German parties have agreed to limit the growth of renewables and reform controversial incentives for the sector by next summer in a move to slow the rise in electricity costs for households and give big utilities more time to adapt their business models.
Chancellor Angela Merkel’s conservatives and the centre-left Social Democrats (SPD) clinched a coalition deal early on Wednesday that puts Germany on track to have a new government in place by Christmas.
One of their top priorities will be a reform of the renewable energy law (EEG), which has sent costs for consumers soaring because of generous incentives for solar and wind power.
The subsidies are largely paid for by households, whose bills have almost doubled to an average of 300 euros ($410) per megawatt-hour (MWh) over the past decade and are now the second-highest in Europe behind bills in Denmark, according to Moody’s Investors Service.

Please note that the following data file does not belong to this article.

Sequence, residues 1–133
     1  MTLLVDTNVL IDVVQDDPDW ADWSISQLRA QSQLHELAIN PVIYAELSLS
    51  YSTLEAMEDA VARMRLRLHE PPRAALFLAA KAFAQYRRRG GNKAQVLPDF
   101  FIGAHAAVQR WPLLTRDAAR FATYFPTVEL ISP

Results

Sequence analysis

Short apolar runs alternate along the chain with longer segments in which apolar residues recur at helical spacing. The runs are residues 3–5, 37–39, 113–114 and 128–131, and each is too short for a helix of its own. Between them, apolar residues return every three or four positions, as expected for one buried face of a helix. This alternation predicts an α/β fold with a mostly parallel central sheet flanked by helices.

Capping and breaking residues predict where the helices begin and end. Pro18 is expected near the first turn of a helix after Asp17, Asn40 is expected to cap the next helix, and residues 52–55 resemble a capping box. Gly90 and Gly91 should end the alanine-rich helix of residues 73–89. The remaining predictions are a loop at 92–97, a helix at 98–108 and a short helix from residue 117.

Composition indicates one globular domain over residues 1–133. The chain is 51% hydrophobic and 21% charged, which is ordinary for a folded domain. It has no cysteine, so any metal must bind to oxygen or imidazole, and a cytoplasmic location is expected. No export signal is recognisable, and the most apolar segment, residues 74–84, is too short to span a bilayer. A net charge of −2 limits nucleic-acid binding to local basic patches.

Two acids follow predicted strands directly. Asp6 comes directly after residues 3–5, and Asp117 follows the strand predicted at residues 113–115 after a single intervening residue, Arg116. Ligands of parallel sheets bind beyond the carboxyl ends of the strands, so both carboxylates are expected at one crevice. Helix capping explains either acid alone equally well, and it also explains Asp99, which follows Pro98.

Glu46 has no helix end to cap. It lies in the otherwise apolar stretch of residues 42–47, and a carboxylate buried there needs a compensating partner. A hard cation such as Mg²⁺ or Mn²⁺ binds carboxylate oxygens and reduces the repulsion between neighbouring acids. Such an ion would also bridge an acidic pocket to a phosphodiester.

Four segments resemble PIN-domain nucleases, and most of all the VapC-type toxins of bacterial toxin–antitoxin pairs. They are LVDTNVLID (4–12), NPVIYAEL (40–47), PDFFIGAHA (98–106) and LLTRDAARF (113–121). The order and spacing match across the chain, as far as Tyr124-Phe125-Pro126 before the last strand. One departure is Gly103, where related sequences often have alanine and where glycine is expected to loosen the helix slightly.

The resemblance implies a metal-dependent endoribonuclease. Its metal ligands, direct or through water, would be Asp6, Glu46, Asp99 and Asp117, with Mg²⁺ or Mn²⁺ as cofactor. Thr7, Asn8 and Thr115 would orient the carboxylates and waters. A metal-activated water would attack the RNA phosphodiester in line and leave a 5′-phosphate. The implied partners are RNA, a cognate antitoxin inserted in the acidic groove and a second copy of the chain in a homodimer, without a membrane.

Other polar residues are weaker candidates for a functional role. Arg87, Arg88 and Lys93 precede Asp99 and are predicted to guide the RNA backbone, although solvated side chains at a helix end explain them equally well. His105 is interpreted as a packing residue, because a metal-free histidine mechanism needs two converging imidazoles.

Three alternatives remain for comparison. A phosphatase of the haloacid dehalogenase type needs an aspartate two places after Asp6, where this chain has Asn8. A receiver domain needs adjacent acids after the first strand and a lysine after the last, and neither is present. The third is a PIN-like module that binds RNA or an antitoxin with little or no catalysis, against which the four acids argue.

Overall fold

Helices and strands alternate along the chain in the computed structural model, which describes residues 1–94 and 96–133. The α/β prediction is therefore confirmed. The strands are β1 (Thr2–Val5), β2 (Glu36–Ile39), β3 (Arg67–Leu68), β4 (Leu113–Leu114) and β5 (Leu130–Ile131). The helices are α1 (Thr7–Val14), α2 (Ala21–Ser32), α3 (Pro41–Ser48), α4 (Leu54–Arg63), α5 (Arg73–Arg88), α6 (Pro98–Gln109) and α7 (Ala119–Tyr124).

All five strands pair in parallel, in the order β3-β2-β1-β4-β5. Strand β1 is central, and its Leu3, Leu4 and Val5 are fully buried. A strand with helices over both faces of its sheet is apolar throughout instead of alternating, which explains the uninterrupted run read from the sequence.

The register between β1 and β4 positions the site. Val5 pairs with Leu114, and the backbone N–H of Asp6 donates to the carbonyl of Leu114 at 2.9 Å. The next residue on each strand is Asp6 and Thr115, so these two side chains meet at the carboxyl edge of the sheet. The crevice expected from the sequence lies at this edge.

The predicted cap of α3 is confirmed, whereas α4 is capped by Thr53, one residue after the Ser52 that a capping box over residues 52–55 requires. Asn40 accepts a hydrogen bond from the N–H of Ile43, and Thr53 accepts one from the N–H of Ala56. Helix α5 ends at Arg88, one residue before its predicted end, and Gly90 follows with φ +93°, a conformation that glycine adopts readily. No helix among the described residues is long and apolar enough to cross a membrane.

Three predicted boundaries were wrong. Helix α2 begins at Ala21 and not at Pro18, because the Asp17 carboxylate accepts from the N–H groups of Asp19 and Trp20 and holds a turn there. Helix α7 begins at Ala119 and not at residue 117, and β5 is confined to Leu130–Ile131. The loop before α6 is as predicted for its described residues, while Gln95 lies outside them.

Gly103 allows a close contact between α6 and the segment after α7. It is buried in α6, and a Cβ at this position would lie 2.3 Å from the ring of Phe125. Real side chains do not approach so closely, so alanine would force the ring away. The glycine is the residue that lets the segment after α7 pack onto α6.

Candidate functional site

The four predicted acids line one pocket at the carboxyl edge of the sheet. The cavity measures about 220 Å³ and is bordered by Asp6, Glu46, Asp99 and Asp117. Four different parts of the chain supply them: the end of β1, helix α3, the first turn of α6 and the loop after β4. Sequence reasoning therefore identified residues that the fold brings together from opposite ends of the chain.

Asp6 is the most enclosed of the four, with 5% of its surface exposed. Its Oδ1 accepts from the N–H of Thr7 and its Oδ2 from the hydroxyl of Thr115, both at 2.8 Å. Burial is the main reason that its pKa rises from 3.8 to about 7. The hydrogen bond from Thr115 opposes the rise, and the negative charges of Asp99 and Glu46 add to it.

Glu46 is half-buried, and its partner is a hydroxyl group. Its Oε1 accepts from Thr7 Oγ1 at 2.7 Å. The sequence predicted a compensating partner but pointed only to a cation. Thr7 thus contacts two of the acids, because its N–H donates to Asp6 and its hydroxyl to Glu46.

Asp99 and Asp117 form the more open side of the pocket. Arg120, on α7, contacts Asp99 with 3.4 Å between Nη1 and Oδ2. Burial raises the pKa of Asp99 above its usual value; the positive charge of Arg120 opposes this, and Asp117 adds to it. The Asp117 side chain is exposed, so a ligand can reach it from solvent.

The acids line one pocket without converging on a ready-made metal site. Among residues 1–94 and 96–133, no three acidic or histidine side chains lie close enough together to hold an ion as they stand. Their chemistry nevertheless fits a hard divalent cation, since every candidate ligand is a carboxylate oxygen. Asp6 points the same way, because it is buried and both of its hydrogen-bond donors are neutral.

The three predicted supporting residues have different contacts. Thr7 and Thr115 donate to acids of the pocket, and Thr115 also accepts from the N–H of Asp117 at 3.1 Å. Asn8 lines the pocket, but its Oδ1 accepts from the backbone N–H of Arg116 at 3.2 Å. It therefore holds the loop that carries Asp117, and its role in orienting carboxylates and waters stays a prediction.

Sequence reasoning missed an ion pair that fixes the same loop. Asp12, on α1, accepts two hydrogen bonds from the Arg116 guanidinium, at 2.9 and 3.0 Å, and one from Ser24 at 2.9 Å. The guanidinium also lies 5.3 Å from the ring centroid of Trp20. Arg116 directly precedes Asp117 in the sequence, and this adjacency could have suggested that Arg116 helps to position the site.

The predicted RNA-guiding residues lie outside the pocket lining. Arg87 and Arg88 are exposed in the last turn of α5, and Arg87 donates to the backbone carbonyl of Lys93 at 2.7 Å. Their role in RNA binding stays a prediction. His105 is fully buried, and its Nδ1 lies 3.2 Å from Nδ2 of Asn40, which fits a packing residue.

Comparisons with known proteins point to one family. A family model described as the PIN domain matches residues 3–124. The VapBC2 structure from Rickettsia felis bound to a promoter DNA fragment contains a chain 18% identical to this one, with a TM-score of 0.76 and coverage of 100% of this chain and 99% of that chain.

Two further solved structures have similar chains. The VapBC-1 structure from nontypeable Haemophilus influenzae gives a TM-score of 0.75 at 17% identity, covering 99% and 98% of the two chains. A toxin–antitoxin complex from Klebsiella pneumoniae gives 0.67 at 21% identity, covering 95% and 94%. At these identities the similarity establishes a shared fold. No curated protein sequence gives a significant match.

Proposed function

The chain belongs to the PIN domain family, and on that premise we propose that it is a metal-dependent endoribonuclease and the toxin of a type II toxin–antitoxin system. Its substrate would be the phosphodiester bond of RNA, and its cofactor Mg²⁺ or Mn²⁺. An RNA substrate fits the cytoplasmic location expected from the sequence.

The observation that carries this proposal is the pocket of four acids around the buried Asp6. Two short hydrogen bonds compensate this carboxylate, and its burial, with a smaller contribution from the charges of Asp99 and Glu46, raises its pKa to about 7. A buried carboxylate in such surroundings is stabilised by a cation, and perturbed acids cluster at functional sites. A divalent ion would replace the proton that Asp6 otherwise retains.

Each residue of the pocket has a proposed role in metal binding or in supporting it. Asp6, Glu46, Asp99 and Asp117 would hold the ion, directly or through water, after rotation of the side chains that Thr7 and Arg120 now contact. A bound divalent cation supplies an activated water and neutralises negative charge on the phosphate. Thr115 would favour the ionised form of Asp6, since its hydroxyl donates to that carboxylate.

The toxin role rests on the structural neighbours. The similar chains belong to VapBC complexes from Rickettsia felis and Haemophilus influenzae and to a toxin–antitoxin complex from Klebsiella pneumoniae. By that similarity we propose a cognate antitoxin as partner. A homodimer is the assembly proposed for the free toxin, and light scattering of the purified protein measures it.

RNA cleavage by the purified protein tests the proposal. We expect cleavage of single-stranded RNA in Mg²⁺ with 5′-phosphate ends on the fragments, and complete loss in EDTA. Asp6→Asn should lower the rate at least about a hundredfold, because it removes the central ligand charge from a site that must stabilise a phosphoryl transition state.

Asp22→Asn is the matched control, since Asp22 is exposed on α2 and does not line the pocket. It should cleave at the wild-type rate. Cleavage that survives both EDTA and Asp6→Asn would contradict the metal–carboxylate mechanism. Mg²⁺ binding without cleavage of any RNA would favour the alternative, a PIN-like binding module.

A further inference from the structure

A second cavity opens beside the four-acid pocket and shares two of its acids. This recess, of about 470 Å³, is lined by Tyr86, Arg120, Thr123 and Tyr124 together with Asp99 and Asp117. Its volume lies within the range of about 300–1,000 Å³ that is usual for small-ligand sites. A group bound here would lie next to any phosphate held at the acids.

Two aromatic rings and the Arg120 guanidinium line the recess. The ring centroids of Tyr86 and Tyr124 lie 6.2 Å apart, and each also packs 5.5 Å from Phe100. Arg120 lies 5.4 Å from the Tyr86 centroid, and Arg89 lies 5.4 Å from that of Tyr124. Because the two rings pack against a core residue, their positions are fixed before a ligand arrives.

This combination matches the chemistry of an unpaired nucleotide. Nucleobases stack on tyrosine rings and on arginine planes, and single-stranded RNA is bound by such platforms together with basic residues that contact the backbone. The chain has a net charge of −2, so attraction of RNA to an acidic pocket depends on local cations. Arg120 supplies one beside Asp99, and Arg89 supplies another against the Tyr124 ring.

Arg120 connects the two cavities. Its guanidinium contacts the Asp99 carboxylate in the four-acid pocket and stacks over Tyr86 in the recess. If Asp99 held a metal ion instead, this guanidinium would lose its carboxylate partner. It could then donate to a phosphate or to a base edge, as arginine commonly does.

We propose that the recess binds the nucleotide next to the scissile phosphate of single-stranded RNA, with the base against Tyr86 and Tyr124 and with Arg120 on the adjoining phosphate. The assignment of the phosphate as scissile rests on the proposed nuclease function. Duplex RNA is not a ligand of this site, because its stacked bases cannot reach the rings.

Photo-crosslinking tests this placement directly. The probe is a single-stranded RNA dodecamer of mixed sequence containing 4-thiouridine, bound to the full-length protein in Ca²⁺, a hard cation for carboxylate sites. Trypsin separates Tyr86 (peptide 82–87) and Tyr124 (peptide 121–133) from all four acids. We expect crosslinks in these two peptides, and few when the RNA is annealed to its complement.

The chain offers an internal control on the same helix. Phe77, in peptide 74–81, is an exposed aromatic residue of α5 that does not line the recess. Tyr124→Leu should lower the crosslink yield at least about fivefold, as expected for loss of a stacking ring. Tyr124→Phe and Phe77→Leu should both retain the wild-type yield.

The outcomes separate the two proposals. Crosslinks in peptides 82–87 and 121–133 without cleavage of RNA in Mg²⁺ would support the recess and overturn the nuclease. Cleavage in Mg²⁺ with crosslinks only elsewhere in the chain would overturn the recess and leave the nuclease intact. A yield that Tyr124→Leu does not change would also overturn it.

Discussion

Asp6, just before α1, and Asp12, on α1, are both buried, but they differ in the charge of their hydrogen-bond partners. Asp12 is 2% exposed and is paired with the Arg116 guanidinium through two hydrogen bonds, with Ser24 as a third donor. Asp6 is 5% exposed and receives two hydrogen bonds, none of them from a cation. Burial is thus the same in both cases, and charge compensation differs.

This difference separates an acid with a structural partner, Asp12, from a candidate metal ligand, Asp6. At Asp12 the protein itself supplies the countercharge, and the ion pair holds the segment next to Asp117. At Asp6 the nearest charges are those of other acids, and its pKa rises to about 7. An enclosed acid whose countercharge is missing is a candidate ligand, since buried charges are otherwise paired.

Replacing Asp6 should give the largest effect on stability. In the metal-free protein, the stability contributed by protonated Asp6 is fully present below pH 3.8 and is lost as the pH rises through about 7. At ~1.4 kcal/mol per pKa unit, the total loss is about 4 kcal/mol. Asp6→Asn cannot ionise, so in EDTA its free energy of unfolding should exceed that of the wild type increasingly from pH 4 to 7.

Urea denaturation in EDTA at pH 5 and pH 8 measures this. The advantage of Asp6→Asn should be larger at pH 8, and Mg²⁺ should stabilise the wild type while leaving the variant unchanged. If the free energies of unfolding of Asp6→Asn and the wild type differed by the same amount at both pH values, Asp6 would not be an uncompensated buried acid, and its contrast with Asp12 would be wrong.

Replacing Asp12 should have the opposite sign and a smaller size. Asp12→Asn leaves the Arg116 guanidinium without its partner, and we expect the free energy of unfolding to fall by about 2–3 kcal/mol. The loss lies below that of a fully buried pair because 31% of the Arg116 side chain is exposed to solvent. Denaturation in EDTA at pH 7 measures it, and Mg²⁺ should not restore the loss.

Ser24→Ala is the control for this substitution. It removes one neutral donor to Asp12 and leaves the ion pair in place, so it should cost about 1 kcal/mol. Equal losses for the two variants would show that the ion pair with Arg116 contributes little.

For utilities, the subsidy-fuelled renewable boom has eroded wholesale power prices, reduced revenues and forced the closure of several fossil-fuelled power stations.
“The coalition aims for a fast and fundamental reform of the Renewable Energy Law and plans to submit a draft by Easter 2014, with the goal of passing it by summer 2014 in order to a create a reliable energy policy framework,” the coalition contract said.
The agreement stops short of promising a reduction in utility bills.
But it says a new government will gradually reduce subsidies for all renewable technologies and completely scrap some grants. From 2018, grants will be handed out through competitive tender offers, which will be based on a 400 megawatt photovoltaic pilot tender scheme to be launched in 2016.